Many may assume that they have to automatically respond to a position or salary proposal, but this is not the case whatsoever. Almost every employer will allow you to take some time to look over the details of the job—salary included—giving you a bit of space to sift through your feelings and personal situation regarding the offer. Simply express your thanks for the opportunity, let them know that you need a little time to think it over, and go home to better and more objectively look at the position.
Take this time to first see if the salary that the employer has presented you matches or surpasses the range of salaries that you previously deemed acceptable from your previous research. If you find the amount offered to you to be respectable based upon the data available to you (and don’t feel like the company is bound to offer you any more), there still is no harm in asking if the salary is negotiable, especially if you are choosing between multiple positions and searching for the better fit.
If the salary and benefits originally included in your position prove to be below the range that you deemed appropriate, then the decision for moving forward should be simple: begin coming up with a counteroffer. A great option to come back with is to simply provide the company with a range of potential salaries that you would be happy with. You should keep these numbers relatively reasonable and understand that many companies will veer towards the lower end of your range.
Before going back to begin your negotiations, it is vital to practice! You may think that your communication skills can serve you perfectly well, but there will never be any harm at all in finding a friend or family member to practice your future discussion with. Take your practice seriously and make mental or physical notes documenting phrasings or methods of negotiating that you found to be effective and comfortable for you.
Ask as Many Questions as You Possibly Can
Trying to figure out what your offer means raises questions whose answers most likely will not be presented to you without a little bit of nudging.
There are a lot of factors into salary offers that aren’t prematurely revealed to candidates that can help you better understand why your offer is where it is and whether that number is pliable at all. By framing your curiosity into questions, you can hopefully find some answers and reasoning that will better inform you on whether to accept or decline the position.
Some great questions to ask when you are discussing your pay are:
- “Can this salary be negotiated?” (Duh!)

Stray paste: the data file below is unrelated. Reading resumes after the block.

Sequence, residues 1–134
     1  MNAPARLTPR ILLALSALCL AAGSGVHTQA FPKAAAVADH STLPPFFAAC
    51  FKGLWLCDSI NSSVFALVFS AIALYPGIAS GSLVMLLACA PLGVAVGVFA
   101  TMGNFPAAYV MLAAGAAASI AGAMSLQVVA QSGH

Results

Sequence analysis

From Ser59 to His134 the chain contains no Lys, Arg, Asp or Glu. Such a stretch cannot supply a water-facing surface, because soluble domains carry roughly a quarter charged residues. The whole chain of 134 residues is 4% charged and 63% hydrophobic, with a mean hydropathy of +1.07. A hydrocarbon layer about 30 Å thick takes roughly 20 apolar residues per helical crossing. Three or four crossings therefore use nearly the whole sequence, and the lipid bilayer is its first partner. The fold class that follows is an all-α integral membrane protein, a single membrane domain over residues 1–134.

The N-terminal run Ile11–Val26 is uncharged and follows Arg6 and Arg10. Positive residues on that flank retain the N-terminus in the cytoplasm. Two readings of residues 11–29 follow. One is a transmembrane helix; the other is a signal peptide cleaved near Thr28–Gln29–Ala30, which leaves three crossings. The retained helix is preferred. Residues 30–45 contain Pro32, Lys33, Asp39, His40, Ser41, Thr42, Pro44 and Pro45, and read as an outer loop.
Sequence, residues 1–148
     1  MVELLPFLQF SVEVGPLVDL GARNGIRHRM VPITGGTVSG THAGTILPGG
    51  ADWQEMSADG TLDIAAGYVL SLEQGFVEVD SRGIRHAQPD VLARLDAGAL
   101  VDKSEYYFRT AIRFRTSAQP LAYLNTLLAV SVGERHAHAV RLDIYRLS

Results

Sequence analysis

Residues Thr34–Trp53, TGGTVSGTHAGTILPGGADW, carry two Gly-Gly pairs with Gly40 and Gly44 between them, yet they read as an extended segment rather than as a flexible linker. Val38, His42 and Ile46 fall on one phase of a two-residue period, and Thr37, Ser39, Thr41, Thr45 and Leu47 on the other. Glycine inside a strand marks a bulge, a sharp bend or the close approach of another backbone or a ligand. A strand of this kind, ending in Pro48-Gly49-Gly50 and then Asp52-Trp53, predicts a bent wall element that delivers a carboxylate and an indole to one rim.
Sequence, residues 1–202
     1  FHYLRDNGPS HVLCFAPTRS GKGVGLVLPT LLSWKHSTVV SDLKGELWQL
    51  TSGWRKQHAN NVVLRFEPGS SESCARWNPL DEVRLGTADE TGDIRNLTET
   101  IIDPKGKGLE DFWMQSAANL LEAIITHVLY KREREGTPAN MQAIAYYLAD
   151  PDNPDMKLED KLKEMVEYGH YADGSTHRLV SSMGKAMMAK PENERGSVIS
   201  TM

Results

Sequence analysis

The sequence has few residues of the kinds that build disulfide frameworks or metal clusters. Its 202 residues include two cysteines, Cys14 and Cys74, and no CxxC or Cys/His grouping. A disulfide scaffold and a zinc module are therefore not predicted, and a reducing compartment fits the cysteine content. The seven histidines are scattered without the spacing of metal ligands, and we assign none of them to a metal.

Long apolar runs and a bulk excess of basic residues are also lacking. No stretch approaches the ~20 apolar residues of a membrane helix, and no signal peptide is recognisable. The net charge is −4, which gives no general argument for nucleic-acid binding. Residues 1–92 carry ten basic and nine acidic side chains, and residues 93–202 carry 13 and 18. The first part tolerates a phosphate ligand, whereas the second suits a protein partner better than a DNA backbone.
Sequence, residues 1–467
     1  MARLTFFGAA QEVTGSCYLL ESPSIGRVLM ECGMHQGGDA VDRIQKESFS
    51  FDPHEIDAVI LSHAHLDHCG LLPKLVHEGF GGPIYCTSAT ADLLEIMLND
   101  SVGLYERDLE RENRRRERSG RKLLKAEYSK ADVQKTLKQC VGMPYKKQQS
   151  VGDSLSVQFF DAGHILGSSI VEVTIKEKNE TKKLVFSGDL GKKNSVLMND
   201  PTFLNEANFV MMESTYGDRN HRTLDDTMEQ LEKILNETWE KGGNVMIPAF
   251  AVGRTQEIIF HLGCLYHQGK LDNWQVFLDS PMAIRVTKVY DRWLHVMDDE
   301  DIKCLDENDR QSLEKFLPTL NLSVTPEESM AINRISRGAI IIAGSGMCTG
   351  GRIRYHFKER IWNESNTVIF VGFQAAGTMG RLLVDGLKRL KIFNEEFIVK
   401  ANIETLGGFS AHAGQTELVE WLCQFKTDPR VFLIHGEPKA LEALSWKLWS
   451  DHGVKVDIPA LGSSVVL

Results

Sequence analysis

- “Can I negotiate the position’s benefits?” (A great alternative if the salary cannot be unfixed.)
- ”How did you arrive at this offer?”
- “What is this position’s salary outlook in the next few years?”
- “What is the mobility that this position allows for? Is there great potential to move up in positions?”
Play it Smart
Successful salary negotiations almost always rely on smart, realistic, and creative thinking to get you what you want.
When negotiating a salary, you should always do your best to practice appropriate and respectful business etiquette that most likely landed you the job in the first place. Now is not the time to scoff at offers or act like you are better than the position’s pay. (Even if you think you are, pretend you’re not.) A respectful demeanor alongside well-thought arguments on why what you can bring to the company deserves more is much more of a winning combination than an aloof attitude mixed with an on-the-fly demand for more money.
Smart negotiating also relies on an ability to see what is feasible, both for you and the employer. Know when to walk away from an offer that will not be able to meet your desires and needs, and also understand that employers can only provide so much, so stay reasonable! Additionally, be aware of where your leverage and power within the negotiations lie. Unfortunately, an unemployed hire will most likely have less room to catch a higher salary (in comparison to their previous one) than an employed counterpart. Recognizing where your power is will keep you grounded in a headspace that will not disappoint you with crushing realities.
Negotiating a salary is only one little, albeit important part of your career. Always remember that any offer is successful in providing your ego and self with validation that you are a worthy and desirable candidate, possessing skills and qualities that are wanted by employers. Whether or not negotiations don’t go your way, keep this self-validating insight in mind, knowing that you’re worth it. Good luck!